How is your personal response to the character of “Hamlet” shaped by his interaction with others in the play? In William Shakespeare’s “Hamlet”, the character of Hamlet is shaped by his interaction with others in the play due to him being regarded as a key figure in the progressive decline of the state of Denmark. He insists on deceiving those around him, despite a well-intentioned desire to uncover the truth. Consequently Hamlet becomes implicated in the further corruption of Denmark by being linked to the deaths of those closest to him. The collapsing relationship between Hamlet and Claudius leads to Hamlet’s loss of his child-like innocence and Ophelia’s implication and death also contributes to this loss which pushes Hamlet to take his revenge.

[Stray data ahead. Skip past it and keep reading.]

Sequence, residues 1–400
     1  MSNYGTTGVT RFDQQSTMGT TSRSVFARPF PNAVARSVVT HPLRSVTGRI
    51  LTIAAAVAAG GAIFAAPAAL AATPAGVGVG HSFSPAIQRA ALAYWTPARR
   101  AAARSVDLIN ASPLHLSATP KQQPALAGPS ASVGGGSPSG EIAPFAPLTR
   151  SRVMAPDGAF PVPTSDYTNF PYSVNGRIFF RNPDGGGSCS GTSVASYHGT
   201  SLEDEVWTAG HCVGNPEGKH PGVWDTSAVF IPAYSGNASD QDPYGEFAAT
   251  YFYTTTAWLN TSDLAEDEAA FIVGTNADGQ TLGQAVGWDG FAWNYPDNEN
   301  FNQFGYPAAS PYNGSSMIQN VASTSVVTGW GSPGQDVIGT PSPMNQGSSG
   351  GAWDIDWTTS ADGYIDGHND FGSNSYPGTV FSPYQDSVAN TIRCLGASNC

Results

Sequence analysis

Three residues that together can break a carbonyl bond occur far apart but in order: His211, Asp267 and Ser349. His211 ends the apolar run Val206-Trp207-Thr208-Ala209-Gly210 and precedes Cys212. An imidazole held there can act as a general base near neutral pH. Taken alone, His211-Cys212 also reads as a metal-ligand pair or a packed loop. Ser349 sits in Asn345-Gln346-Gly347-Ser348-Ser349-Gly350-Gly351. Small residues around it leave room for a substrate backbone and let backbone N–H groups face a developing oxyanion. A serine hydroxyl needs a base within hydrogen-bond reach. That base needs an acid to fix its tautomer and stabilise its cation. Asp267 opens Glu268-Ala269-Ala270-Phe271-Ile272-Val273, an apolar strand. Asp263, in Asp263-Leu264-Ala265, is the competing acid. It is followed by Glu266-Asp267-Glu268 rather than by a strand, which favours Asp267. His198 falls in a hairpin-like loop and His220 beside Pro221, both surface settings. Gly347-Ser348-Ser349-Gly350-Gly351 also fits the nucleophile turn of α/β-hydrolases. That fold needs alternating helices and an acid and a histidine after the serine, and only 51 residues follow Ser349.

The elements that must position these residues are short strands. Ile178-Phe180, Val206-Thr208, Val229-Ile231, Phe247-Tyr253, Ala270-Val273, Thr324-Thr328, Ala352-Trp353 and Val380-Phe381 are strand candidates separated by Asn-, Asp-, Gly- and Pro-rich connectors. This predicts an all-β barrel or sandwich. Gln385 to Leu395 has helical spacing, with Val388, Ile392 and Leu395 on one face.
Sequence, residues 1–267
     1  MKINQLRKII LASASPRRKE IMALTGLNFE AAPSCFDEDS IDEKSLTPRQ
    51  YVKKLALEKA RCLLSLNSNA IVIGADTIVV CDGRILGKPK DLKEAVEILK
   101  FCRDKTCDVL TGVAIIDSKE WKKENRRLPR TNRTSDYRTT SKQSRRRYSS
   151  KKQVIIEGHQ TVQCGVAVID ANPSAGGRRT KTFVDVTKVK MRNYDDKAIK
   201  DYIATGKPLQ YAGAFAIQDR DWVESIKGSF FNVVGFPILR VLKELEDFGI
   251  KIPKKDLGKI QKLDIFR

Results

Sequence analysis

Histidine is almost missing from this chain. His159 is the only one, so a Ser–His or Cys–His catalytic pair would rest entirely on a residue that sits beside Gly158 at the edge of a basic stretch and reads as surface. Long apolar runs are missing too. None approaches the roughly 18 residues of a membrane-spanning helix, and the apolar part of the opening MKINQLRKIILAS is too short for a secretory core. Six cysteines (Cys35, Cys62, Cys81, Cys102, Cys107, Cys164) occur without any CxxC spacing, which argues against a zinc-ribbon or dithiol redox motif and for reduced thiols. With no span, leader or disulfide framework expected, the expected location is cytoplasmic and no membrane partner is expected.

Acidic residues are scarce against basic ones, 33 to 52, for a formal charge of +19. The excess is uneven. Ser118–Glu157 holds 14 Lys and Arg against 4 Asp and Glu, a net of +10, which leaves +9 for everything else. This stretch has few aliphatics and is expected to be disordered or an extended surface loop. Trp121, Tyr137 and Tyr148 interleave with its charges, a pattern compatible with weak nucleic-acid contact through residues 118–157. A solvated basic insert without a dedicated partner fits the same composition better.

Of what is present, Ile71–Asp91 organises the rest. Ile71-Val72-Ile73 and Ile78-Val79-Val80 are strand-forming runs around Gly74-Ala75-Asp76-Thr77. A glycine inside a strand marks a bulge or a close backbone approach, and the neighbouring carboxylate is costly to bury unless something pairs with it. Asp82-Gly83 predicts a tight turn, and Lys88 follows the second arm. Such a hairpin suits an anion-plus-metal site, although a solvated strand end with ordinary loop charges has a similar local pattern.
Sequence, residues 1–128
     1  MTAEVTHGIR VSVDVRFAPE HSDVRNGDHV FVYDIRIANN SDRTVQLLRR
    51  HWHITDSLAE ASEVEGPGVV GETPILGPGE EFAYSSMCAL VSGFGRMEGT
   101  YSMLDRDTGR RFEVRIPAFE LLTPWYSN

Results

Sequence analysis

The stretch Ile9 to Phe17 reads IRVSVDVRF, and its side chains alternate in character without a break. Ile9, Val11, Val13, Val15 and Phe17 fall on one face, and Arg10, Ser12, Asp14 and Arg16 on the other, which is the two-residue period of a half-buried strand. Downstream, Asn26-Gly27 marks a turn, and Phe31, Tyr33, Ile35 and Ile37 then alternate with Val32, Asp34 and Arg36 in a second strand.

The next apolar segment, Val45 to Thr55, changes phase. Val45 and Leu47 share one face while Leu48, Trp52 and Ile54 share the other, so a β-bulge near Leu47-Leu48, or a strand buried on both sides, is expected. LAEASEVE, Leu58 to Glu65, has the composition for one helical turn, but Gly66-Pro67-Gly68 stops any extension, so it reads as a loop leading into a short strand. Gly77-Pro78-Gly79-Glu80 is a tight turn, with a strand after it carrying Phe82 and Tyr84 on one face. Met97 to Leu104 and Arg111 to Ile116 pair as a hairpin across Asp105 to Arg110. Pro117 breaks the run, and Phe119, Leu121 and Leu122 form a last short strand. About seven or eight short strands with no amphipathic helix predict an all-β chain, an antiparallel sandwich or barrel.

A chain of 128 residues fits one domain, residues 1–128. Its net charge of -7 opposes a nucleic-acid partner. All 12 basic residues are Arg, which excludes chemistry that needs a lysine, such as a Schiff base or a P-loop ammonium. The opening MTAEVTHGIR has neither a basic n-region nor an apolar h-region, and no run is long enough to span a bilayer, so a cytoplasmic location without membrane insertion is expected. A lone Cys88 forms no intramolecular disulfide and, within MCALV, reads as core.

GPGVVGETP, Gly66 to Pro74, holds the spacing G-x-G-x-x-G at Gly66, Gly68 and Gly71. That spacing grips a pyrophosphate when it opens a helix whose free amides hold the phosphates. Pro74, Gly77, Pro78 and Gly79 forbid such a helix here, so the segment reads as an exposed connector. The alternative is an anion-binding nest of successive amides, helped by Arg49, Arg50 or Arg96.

Hamlet’s relationship with Claudius at the beginning of the play is shaped by Hamlet’s refusal to join in Claudius’ political alliance, progressively making himself an enemy to Claudius. Hamlet employs subversive humour in his response to Claudius’ offer, representing his disgust for the new king and his actions. His first soliloquy at the beginning is an exploration of the crisis he finds himself in due to the death of his father and the hasty marriage from his uncle to his mother. Hamlet expresses deep despair over the death of his father and laments the coronation of Claudius. Through the use of juxtaposition, Hamlet compares “Hyperion to a satyr” representing his father and Claudius respectively. Hyperion is the god of light, symbolising honour and virtue- traits that Hamlet attributed to his late father, whereas the satyr is representative of the half human and half beast creature found in Greek mythology representing lasciviousness and overindulgence, much like Claudius. By refusing Claudius’ alliance and putting on his antic-disposition, Hamlet seeks to destabilise Claudius and his reign by acting mad. Hamlet is well intentioned to lure out the conscience of the King and he does this by making Claudius the...
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